What Women Should Know About High Triglycerides

Medically Reviewed by Carol DerSarkissian, MD on May 06, 2023

Anyone can develop high levels of triglycerides, a type of blood fat, but certain factors can make them likelier in women.

Women are more likely to get high triglycerides if they:

There are also causes of high triglycerides that impact both women and men. You're more likely to have high triglycerides if you are overweight, don't exercise, have diabetes, have increased waist circumference, or have a family history of high triglycerides. That's true for men and women alike. Hypothyroidism, lupus, and treatment with corticosteroids can also raise triglyceride levels.

Your lifestyle can make a big difference in your triglyceride levels.

Ask your doctor what lifestyle changes you should make, the best ways to do that, and how long it will take to make a difference in your triglyceride levels.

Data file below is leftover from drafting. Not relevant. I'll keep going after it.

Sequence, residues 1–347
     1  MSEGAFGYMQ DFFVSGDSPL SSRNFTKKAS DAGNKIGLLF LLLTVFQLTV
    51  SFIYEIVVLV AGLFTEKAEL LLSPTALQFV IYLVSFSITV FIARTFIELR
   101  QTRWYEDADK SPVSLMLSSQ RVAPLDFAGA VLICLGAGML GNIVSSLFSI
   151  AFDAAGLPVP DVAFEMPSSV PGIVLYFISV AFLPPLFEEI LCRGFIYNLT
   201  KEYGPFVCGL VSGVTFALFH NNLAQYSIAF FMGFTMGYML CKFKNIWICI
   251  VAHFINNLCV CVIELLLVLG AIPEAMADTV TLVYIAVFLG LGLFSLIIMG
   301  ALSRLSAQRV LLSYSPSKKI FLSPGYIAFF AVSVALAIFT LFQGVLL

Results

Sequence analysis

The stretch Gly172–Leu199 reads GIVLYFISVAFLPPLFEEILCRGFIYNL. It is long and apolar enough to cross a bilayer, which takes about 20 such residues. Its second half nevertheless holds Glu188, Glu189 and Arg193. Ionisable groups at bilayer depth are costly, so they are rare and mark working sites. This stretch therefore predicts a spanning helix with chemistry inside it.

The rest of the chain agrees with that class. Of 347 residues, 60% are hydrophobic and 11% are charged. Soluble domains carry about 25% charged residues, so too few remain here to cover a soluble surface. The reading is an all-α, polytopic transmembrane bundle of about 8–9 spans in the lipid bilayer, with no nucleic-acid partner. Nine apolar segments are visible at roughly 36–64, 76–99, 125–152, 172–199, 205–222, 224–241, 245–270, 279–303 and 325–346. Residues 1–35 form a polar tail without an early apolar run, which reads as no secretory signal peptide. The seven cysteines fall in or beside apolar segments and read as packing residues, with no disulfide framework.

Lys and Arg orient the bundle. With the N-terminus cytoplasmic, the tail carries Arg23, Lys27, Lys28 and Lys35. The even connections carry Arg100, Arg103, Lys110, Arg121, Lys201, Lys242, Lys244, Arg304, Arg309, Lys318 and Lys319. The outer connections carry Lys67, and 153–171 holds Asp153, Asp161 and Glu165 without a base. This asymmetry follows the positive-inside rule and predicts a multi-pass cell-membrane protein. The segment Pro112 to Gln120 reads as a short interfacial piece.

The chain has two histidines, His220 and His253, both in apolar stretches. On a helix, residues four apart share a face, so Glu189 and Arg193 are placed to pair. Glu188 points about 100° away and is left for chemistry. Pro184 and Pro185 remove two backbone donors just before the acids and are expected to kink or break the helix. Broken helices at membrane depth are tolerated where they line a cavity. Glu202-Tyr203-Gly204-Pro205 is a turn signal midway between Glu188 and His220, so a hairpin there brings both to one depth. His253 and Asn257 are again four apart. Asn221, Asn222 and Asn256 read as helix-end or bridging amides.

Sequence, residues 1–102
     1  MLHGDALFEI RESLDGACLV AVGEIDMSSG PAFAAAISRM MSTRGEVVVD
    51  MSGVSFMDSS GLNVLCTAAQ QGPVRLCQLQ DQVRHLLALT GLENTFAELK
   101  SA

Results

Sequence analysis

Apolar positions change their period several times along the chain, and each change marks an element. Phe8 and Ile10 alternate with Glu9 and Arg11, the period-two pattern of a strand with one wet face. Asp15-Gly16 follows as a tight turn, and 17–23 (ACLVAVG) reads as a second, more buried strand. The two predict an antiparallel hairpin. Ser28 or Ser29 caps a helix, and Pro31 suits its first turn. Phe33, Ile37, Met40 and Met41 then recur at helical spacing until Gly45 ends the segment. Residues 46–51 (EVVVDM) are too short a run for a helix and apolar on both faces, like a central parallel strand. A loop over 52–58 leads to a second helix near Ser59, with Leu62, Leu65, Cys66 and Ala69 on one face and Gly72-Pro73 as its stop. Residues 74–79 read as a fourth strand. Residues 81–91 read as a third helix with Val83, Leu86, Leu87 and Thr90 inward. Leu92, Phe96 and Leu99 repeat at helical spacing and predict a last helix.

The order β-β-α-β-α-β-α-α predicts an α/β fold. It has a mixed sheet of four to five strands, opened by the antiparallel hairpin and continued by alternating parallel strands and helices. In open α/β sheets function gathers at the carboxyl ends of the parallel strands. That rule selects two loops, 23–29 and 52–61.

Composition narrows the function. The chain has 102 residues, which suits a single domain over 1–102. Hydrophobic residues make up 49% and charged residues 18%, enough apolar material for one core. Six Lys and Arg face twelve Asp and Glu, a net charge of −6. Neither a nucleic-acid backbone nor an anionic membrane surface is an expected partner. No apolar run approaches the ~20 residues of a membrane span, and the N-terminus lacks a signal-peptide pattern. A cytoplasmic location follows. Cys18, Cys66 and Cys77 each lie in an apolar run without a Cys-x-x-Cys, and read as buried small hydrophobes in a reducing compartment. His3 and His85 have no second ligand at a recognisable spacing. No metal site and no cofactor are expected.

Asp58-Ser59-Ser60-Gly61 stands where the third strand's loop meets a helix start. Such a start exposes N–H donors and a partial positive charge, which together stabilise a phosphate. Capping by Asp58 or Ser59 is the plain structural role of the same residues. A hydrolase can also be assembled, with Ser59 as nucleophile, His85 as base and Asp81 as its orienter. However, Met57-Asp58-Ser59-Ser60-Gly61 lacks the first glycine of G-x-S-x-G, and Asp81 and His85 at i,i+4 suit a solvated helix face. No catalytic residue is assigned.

Getting more exercise, losing extra weight, and upgrading your diet -- such as avoiding processed and sugary foods -- are likely to be on your to-do list.

You should also ask your doctor whether any of your medications (such as birth control pills or hormone replacement) are linked to your high triglycerides. If so, your doctor will probably recommend changing your prescription.

If those changes aren't enough, your doctor may prescribe medications such as niacin, statins, fibrates, and omega-3 fatty acids. Even so, lifestyle changes will be part of the plan to lower your triglycerides for good.

Show Sources


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Michael McDermott MD, director, Endocrinology and Diabetes Practice, University of Colorado Hospital.

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Northwestern University: "Overview of Polycystic Ovary Syndrome (PCOS)."

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